In the first two parts of our What if Philadelphia had been an MLS Original series, we introduced you to the Ringers, their logo, their uniforms and then the players on the inaugural roster.
In part three, we’re going to talk a little bit about the game day experience at Franklin Field. AJ kicks us off describing some of the things that went on during game days and the theme nights from the first season.
AskJeeves, Video Games and ‘Show Me the Money!’
On game days, the plaza outside of the stadium had many tables for fans to explore. One was the AskJeeves table where you could ask any question and the world wide web expert would type it into the system to retrieve an answer.
The N64 demo table was especially popular with the youth. Games such as Goldeneye and Mario Kart often caused parents to fight with their child to get them to come into the stadium.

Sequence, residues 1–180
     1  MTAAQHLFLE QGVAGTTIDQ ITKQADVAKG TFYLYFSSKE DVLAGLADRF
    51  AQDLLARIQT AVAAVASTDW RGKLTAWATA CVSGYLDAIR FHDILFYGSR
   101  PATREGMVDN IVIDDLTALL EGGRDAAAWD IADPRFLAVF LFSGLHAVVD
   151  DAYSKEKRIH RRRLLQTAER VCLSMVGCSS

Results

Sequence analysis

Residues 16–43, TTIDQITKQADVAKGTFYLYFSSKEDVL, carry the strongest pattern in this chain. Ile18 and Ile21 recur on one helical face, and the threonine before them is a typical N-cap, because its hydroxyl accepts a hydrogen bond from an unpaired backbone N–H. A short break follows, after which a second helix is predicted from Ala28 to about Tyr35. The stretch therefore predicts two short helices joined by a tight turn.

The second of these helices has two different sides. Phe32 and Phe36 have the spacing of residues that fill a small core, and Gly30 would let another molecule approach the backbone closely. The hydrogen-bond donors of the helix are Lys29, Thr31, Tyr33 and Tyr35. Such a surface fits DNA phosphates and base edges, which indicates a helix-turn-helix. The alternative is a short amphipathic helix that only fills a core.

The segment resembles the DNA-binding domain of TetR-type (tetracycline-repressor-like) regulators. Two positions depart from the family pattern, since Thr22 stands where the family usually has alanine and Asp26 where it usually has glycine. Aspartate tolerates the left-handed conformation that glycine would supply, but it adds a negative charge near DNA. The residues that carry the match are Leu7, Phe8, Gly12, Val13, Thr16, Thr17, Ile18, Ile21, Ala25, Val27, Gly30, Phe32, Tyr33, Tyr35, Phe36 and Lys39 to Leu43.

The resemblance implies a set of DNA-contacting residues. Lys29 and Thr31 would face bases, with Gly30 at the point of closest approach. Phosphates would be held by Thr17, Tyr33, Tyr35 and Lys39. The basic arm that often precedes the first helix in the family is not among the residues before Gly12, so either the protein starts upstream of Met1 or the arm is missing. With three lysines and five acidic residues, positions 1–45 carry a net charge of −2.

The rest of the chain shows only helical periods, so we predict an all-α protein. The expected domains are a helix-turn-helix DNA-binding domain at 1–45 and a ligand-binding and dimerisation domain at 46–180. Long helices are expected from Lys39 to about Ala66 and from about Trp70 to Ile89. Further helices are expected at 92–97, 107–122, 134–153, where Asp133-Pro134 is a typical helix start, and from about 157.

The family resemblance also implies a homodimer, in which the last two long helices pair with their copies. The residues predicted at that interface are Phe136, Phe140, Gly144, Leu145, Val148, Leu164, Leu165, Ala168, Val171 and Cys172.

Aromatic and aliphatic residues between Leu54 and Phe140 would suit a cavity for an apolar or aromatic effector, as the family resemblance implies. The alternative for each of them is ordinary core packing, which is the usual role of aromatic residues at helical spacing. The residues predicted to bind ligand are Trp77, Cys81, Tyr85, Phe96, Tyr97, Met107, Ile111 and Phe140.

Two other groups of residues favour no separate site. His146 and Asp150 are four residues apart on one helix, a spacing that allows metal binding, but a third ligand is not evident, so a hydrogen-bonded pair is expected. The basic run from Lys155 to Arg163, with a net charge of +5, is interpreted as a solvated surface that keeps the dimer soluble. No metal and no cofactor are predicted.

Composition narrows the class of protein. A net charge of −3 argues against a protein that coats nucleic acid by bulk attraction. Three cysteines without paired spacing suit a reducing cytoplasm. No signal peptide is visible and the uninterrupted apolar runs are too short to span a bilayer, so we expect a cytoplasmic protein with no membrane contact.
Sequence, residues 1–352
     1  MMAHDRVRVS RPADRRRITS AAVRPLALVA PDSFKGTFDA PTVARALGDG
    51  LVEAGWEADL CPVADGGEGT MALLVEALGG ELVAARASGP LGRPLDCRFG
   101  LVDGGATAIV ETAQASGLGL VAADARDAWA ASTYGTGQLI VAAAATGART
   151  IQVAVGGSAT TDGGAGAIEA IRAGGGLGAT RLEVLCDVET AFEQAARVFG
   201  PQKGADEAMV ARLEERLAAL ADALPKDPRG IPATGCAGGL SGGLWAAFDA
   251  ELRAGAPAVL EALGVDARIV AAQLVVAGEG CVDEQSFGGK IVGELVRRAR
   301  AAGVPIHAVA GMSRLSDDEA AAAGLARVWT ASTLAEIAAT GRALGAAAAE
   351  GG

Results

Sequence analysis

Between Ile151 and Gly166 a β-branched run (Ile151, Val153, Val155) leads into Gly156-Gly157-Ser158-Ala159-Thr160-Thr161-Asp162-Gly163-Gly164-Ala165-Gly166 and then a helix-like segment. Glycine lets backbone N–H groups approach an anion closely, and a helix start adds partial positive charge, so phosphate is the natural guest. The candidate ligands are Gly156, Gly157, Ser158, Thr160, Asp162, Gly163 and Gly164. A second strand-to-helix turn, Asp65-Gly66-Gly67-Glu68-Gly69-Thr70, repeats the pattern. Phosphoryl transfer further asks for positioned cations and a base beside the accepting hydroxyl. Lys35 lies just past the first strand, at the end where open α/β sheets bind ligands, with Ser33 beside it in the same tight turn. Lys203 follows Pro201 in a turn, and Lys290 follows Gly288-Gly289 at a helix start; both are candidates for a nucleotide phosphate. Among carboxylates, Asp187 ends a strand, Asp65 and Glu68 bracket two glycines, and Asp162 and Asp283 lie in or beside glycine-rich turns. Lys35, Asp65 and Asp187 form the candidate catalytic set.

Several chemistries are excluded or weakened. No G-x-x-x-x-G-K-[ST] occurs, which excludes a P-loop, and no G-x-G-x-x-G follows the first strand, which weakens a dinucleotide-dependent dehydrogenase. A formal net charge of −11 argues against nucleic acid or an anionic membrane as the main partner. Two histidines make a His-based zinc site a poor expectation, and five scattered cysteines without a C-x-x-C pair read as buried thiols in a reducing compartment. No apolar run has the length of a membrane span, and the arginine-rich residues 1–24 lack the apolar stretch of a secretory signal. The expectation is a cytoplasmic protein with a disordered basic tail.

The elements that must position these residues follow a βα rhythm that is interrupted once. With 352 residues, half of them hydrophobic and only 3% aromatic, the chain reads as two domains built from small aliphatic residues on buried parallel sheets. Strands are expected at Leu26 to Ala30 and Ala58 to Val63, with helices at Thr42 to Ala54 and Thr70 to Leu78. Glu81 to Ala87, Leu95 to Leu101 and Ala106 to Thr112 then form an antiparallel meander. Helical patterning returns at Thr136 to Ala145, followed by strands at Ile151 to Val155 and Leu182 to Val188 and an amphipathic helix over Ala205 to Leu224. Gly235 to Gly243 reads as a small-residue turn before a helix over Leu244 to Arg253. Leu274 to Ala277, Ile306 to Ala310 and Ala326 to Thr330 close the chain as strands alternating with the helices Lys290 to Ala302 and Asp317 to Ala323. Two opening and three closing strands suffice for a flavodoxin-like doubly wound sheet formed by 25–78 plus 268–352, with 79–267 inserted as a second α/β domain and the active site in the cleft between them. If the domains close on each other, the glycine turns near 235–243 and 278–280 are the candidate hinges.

There was also the Jerry Maguire cutout where fans could put their face into the movie. However, instead of Tom Cruise as the agent, Jay Sugarman put himself (to show he is one with the people), which prompted a lot of screaming of the famous line, “Show me the money!”
While there was a song around in the early ‘90s that made quite a splash in the UK called “Doop” and performed by the Dutch eurodance group Doop, the song we as Union fans love to sing after goals wasn’t written until the early 2000s. The aforementioned Doop was popular in the UK but it’s more likely a song like “Macarena” would have been chosen.
For as popular and recognizable as the song is, inserting the phrase “goal macarena” instead of “hey macarena” proved to be a bit of a disaster because 1. People kept forgetting to say goal instead of hey and 2. It was a lot of waiting around and butchered attempts at singing along in between “gooooaaaal macarena.”
Give it a try yourself with the karaoke track below. It’s not so easy is it?
“Macarena” disappeared after being played just once in the first half of the first game after Earnie Stewart’s successful PK. The replacement, TLC’s “Shoop,” stuck until the rebrand to the Union and move to Chester in 2010. That’s when Scooter’s “Maria (I Like It Loud)” became the song we love to sing and can’t wait to sing again (whenever that is).